Sunday is my long run day (like a lot of you). Last week it rained a little on my run… OK maybe more than a little.
Today, though, no rain. Still I woke up tired, it was humid, sore blah blah blah – I just didn’t wanna. Doesn’t matter, the work needs to get done so I dragged my butt out there for 8 miles. I stayed away from the above trail figuring it wasn’t dried out yet (it kept raining all week) and crafted my route. Yes, I got my miles in. It wasn’t a PR, I did walk a couple times, it wasn’t my best work, but I got it done, dammit.
For the record, I’m well aware that listening to someone break down their run is just about the worst. Sorry. Bear with me!
I came out of the gate strong; mile 2 was fairly downhill… then the fade started. The worst was mile 7, where I was going back uphill on the mile 2 territory. I was over a minute slower than mile 6. Mind you, for a long run for me the overall pace was solid and I was happy with what I did. I toughed out mile 8, matching my mile 6 pace for that finisher – that’s good, right?
Well, yeah, but here I am the rest of the day and all I keep thinking about is mile 7… and being annoyed with myself for doing that. Why would I pick out the one bad mile and ignore seven better? What’s up with that thinking?
You Tell Me?!
Have you ever had a week of… anything – diet, exercise, work, laundry, whatever the case may be – where you crushed 6 days. The other day, it just didn’t get done – or it barely got done, just enough to get by. At the end of the week, did you remember the 6 great days? Or were you hung up on the one bad one? Yeah, I get it.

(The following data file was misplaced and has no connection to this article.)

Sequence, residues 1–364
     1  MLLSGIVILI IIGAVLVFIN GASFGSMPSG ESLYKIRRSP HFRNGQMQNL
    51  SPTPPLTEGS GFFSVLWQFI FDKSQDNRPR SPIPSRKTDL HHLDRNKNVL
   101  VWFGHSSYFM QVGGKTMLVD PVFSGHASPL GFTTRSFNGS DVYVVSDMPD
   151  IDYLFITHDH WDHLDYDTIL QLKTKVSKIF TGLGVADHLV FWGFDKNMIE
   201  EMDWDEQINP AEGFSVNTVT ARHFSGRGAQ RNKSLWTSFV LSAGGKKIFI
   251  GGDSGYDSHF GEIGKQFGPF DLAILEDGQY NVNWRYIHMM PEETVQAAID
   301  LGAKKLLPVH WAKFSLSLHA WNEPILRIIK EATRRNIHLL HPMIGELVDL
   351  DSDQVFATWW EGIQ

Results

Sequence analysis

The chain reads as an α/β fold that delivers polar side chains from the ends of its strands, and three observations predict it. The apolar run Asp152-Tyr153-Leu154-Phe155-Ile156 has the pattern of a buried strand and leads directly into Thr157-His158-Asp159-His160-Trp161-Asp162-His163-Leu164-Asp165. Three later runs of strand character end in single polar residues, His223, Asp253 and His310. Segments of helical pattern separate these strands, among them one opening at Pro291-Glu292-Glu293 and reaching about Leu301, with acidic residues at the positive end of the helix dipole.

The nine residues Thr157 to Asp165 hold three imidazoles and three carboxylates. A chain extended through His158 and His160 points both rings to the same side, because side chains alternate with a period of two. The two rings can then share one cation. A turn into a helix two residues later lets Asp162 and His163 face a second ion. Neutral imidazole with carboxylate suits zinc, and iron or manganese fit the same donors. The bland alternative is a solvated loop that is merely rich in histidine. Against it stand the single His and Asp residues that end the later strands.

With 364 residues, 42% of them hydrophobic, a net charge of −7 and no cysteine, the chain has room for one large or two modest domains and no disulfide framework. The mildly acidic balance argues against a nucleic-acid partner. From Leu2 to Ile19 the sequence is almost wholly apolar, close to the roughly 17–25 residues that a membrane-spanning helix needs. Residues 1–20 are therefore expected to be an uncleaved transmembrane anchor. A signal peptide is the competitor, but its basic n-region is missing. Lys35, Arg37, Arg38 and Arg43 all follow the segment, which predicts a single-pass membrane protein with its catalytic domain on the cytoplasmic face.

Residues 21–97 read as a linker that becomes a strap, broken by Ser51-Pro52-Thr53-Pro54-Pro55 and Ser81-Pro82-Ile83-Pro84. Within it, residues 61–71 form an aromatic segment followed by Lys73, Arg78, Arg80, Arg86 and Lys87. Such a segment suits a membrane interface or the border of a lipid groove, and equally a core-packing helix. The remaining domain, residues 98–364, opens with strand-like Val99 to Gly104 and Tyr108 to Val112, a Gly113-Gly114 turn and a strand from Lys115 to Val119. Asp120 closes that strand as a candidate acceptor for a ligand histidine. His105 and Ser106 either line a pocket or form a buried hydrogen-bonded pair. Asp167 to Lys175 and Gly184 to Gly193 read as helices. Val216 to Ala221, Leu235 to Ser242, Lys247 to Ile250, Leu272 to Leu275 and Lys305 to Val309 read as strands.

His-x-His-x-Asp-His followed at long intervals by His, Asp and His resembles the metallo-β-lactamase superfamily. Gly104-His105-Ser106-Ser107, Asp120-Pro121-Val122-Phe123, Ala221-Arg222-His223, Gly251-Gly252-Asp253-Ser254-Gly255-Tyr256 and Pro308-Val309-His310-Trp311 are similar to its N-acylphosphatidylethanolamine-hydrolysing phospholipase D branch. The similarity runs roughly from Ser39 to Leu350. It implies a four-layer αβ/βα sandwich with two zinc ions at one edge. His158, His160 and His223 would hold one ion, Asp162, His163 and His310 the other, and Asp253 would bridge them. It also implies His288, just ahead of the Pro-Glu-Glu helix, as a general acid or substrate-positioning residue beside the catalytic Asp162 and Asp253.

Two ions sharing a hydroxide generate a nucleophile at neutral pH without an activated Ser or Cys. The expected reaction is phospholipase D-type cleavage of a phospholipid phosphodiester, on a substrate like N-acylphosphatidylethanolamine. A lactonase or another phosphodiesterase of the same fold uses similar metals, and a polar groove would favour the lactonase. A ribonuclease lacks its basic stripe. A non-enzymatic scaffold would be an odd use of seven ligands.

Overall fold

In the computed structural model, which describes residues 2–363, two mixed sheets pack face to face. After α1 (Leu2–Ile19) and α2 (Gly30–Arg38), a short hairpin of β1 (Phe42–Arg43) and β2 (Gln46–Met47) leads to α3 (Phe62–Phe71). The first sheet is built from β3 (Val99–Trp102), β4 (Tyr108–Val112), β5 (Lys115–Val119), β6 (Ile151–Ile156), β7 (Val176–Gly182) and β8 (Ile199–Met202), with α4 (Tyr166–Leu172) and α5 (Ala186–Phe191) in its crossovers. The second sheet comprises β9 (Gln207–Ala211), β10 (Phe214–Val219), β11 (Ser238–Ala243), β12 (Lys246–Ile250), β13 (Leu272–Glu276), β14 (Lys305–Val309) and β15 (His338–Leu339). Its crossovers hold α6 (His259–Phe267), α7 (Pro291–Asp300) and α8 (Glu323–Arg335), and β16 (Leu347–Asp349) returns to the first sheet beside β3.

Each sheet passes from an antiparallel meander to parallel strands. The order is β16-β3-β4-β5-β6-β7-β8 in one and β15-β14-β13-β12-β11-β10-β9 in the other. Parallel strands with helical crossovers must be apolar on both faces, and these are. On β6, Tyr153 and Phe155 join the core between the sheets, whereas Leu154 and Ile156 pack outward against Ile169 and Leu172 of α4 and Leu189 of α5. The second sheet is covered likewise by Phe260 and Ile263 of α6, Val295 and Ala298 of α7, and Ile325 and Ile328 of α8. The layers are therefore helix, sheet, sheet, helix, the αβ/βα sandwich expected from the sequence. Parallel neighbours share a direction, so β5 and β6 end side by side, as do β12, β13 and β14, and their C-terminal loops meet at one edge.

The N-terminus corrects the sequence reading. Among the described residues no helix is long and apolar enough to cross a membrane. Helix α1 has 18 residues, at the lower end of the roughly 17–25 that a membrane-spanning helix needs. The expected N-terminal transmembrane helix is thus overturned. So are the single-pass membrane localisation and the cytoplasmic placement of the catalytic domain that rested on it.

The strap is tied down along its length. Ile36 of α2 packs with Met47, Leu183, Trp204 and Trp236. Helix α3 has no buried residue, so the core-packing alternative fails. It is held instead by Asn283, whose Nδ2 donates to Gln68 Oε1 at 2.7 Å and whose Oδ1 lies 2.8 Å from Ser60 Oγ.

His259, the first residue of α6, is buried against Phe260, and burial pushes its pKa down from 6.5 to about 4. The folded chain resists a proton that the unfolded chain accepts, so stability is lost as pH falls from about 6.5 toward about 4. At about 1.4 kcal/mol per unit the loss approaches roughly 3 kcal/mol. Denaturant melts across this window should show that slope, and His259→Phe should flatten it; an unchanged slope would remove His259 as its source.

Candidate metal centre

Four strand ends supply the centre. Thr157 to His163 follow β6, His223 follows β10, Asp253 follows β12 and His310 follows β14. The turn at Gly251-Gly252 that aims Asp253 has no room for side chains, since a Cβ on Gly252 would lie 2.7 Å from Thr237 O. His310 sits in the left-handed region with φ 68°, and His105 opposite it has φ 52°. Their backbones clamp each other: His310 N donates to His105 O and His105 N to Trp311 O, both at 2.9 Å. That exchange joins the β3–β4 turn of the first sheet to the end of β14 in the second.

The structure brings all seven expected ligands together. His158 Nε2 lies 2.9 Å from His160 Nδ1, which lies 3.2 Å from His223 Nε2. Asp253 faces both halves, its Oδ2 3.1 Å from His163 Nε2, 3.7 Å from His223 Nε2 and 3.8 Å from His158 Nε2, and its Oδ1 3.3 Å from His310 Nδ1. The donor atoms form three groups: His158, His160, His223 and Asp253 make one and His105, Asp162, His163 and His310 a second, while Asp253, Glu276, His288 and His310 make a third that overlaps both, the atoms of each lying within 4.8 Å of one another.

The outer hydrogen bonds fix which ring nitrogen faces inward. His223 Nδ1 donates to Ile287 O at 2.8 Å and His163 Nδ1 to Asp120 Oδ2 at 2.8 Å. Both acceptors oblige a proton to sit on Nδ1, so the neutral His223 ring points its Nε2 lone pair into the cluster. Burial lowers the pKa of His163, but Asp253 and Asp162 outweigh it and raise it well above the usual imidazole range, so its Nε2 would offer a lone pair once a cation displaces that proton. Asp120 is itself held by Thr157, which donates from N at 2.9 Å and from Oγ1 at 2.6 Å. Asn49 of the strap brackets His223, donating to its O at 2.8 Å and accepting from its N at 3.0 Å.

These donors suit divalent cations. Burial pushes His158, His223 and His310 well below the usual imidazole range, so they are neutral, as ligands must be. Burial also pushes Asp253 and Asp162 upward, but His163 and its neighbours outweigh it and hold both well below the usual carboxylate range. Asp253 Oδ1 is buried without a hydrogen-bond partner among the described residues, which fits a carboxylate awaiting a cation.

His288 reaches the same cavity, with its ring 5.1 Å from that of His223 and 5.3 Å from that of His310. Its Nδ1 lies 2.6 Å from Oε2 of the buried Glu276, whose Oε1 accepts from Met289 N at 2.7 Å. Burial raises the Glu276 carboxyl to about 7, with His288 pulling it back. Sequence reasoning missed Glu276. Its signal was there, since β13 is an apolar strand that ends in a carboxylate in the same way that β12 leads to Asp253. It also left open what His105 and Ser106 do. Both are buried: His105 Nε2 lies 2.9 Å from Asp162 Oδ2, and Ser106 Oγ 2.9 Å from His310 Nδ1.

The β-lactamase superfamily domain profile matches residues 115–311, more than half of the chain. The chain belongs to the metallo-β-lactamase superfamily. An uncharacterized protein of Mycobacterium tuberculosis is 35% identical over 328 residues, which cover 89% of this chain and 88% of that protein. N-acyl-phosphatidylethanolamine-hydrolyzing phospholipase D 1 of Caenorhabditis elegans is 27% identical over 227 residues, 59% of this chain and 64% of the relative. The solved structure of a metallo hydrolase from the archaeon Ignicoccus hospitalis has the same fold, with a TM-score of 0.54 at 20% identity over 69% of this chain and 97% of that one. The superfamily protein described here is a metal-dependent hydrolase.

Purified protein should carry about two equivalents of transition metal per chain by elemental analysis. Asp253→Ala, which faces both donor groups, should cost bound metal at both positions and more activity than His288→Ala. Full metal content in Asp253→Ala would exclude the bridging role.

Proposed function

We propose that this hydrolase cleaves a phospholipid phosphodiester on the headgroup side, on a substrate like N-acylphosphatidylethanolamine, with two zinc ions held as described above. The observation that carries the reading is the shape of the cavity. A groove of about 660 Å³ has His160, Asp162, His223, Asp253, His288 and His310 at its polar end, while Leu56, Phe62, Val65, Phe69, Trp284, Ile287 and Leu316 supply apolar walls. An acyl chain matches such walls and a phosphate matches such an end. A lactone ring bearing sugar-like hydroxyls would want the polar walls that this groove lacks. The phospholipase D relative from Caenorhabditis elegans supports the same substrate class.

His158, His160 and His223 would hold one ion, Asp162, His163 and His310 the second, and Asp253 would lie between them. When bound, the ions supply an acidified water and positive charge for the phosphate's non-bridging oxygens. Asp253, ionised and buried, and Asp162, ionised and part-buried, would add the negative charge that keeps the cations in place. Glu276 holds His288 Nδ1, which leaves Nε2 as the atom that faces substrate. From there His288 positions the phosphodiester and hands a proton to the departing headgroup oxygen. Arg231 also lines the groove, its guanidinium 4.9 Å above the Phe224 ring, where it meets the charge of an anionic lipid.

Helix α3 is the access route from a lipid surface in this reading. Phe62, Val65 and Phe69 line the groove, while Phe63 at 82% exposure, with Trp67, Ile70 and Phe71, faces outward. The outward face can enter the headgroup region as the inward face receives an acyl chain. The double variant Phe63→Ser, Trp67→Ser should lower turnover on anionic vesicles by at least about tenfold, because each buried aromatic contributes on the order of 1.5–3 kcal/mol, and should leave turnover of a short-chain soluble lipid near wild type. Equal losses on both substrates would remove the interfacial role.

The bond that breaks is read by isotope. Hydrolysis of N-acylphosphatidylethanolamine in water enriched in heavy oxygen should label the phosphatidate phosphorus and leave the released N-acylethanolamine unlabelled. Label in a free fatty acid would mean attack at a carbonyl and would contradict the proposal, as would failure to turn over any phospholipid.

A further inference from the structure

As frustrating as it is, it’s the simple reality that we focus more on our negatives than our positives. I’ve written about this before – science says you should tell yourself 5 positives for every 1 negative. I’m sure we all do that, right? In a world that loves to knock us down, why would we go out of our way to do the same to ourselves or the ones we love?
Clearly I’m not excluding myself; I do it too. I can make arguments about “trying to get better” and “focusing on the areas I need to improve”, and yes there is something to that. For about ten minutes. You think about the good and bad, you determine what you want to focus on next time, make notes if that’s part of your routine, and you move on. At this writing, I finished that run 7 hours ago – still annoyed about mile 7. Dude, let it go.
The Hardest Part is Letting Go
Change is scary. That’s the simple truth. The longer you’ve been doing the same thing, the harder it is to make a move. Ask yourself this, though – is it working for you? If the answer is yes, then you’re good. If not, well, I’ve got news for you: if nothing changes, then nothing is going to change.
Read that again: if nothing changes, then nothing is going to change.
If you need to make a move for you, for your health (mental, physical, emotional), then nothing is going to happen until you make it happen. If you beat yourself up over the one bad instead of focusing on all the good, you need to find a way to change that. Assign yourself a task to look in the mirror and tell yourself you are awesome every day, multiple times. Spend 5 minutes celebrating the targets you hit each day. PR your bench press, you earned a happy dance. Hit your step goal, high five someone. Who cares if they think you are weird – you set a goal and hit it.
We spend too much time on the bad and don’t celebrate the good often enough. So cut yourself a break and enjoy every mile – especially the good ones!